For decades, the now-trending ancient practice of qigong has had a home in Bangor.
By Jamie Lovley
[dropcap letter=”W”]hen Robert and Vernita Leins opened their Qigong Studio in Bangor in 2000, next to nobody in Maine was offering classes in the ancient Chinese traditions of qigong and t’ai chi. Since then, t’ai chi has gradually gained traction in the U.S., particularly as a low-impact exercise for older folks. Now, some 20 years since the Leinses hung their shingle, both qigong and t’ai chi (the latter is a more physically demanding form of the former) are earning buzz among wellness-industry types as “the next yoga,” with outlets like CNN gushing about millennials flocking to such stress-relieving forms of “moving meditation.”
As a college student in the throes of finals week, I figured I was an ideal candidate to test qigong’s reputation for relxation. The Leinses’ downtown studio is quiet and warmly lit, and inside, I found a diverse crowd — younger folks and older, men and women — sitting in a circle. Robert opened our class with a half-hour of guided breathing exercises. Inhaling deeply, my eyes closed, listening to his gentle voice, I fought the urge to fall asleep in a room full of strangers.
“We have to be like water,” Robert explained. “It changes to conform to its environment, and we have to do the same — like the bamboo that bends in the wind but does not break.”
Qigong (it’s pronounced chee-gong) involves a combination of mindful breathing and the kind of slow, sweeping execution of dance-like poses you might picture when you hear t’ai chi. Its practice, Robert explained, is best understood through the lens of the Taoist concept of duality, which holds that interaction of opposing forces directs the flow of an animating energy called qi. Poor health is associated with qi imbalances, and qigong makes practitioners aware of their qi energy, helping to fix imbalances or blockages that inhibit health and happiness.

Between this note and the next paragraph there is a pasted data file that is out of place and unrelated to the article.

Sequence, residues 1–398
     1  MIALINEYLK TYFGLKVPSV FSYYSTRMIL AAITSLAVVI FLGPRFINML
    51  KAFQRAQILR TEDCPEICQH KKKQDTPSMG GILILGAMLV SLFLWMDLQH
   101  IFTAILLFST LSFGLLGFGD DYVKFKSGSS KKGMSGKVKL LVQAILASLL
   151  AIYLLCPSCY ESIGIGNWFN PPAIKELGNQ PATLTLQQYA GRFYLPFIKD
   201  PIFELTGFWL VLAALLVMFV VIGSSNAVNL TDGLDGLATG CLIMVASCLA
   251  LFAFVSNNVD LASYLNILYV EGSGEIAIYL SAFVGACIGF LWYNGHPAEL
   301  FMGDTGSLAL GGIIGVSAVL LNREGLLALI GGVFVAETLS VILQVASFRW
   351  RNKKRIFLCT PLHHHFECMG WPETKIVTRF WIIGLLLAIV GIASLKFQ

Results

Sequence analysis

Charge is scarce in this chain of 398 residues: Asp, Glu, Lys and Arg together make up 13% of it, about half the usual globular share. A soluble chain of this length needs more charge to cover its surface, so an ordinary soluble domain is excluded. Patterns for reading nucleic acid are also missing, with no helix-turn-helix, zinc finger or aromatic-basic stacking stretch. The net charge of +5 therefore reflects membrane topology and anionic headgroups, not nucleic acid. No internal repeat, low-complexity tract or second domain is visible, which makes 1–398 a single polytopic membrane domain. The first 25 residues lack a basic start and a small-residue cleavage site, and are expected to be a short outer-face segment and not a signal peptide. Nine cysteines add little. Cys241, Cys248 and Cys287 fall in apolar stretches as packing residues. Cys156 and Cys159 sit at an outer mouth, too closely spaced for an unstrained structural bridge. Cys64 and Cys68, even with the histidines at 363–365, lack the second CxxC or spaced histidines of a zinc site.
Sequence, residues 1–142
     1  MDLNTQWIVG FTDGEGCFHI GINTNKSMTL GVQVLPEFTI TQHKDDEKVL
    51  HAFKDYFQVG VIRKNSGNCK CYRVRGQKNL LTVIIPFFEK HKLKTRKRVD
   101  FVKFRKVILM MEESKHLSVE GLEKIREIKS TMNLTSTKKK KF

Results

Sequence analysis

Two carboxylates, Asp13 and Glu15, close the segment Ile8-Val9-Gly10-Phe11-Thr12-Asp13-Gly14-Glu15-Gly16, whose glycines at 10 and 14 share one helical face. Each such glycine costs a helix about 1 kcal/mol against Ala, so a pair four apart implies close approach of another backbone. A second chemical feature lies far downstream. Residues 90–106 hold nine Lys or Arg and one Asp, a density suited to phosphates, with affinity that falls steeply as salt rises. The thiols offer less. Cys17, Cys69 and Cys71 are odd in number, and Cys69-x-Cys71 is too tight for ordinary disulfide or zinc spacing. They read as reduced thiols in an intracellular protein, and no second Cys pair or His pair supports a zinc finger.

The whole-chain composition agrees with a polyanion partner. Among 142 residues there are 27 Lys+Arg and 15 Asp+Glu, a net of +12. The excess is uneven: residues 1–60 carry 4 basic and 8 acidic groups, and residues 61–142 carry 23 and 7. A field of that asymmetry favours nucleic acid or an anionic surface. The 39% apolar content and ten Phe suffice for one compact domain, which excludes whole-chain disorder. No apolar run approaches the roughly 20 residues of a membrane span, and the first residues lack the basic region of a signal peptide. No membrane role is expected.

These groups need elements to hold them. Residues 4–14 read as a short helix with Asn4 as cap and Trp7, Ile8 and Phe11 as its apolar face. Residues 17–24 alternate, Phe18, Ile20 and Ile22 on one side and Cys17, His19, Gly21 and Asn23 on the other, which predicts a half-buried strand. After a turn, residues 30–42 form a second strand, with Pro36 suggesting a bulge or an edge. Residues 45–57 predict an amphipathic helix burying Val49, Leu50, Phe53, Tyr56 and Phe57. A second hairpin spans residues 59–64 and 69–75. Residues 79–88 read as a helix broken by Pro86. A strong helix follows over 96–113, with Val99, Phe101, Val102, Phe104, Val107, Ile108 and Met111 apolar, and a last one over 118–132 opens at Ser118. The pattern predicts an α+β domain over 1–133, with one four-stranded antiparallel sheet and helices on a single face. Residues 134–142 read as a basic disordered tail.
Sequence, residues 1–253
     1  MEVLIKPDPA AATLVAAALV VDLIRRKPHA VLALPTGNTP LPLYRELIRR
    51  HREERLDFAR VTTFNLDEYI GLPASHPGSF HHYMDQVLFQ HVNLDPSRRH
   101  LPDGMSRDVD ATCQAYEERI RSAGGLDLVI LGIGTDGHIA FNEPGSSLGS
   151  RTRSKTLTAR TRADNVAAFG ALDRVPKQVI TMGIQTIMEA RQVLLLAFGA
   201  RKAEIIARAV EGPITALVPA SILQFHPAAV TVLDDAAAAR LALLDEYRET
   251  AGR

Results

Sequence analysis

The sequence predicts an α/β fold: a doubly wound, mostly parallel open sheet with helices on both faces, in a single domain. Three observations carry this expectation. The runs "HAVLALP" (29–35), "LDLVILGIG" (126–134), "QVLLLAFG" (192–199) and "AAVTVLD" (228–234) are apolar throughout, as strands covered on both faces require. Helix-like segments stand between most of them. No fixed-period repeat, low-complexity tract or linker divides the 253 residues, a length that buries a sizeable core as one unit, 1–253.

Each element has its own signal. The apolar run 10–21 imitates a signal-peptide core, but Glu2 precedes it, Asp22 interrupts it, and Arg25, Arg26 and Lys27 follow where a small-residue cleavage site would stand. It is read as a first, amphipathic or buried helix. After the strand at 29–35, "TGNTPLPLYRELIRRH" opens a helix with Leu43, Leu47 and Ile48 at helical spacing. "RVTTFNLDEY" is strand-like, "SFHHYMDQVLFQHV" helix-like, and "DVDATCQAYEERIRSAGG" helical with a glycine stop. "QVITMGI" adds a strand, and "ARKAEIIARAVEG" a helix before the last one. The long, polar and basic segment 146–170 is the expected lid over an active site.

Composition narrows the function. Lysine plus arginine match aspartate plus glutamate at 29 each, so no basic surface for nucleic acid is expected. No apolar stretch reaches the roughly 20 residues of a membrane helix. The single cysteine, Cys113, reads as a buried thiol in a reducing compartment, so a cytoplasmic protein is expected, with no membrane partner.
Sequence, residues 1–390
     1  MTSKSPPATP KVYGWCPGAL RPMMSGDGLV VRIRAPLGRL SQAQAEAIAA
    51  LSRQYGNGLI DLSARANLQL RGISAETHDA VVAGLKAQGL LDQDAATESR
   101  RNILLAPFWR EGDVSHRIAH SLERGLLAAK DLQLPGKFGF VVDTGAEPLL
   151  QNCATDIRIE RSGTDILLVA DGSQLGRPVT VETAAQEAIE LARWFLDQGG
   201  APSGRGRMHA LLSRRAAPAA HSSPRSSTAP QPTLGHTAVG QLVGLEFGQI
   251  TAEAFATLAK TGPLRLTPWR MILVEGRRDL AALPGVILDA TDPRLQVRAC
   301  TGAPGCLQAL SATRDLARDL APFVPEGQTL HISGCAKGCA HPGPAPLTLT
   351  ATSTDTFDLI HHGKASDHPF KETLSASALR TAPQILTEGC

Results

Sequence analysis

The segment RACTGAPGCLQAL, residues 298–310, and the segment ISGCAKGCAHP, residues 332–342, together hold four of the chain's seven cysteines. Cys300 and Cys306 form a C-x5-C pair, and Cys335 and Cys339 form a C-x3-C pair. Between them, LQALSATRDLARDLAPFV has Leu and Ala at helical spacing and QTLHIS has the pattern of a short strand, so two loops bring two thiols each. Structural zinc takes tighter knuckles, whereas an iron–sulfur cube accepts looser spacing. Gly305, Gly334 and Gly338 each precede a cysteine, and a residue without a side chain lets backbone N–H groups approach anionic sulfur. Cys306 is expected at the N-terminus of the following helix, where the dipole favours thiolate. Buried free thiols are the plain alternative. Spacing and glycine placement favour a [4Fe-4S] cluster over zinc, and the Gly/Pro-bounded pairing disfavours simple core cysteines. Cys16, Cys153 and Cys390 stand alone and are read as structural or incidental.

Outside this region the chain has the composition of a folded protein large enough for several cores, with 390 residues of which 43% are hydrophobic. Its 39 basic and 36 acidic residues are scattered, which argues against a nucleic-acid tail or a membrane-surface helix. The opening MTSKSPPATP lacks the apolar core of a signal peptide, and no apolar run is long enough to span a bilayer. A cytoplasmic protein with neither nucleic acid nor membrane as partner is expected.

“We have to be like water,” Robert explained to the class. “It changes to conform to its environment, and we have to do the same — like the bamboo that bends in the wind but does not break.” He gestured at the illustrations of bamboo and lotuses on the surrounding walls.
Both Robert, 77, and Vernita, 72, have studied qigong with teachers around the world. Vernita is a native Mainer, but Robert is from New York and came to Maine in 1972 after studying Eastern philosophy at college in California. He brought qigong to Bangor without any particular expectation it would catch on.
Everyone in my class, I noticed, was able to complete the fluid exercises, including a woman who’d broken both arms the year before and practiced qigong as physical therapy. Robert reminded us to listen to our body and its limitations. We needed to tangibly sense the qi in and around us, he said, and we closed the 90-minute session by symbolically creating condensed balls of the qi we’d accumulated, then passing them around in a circle before absorbing them back into our bodies, to facilitate balance.
I left the studio feeling peaceful and more aware of my surroundings, my energies, and my breathing. And, chalk it up to the qi balls or not, I passed my finals with flying colors.
► 27 State St., Ste. 36, Bangor. The Leinses offer a first class free; they’re $10–$15 thereafter. To inquire about schedules and rates, visit qigongstudio.com or call 207-945-4545.
More than a dozen Maine-based shamanic practitioners offer power-animal retrieval sessions, helping clients discover totemic spiritual guides. What it means if yours is really Maine-y.
“Call on lobster when going through major life changes,” writes Steven Farmer in his 2006 book Animal Spirit Guides. Mischa Schuler, an herbalist and shamanic practitioner at Portland’s Wild Carrot Herbs, sees many clients who feel in flux or lacking direction. “Power animals indirectly instruct us on how we can implement their qualities in our lives,” she says — a reminder, for example, to molt sometimes.
“The moose has an uncanny ability to camouflage itself. . . . Those who would align with the moose can also develop this ability,” writes animal-symbolism guru Ted Andrews in his 2002 book Animal Speak. Moose exude feminine power, he says, citing Penobscot and Micmac tales of moose deriving from the sea, “the great womb of the universe.”
“You have to live near a body of water in order to maintain balance in your life,” explains Farmer in Animal Spirit Guides. Schuler is less prescriptive, though. You might instead glean that a puffin can hold two perspectives, she says, since it lives on land and water. “What a power animal really offers,” she says, “is an opportunity for self-reflection and for self- awareness.”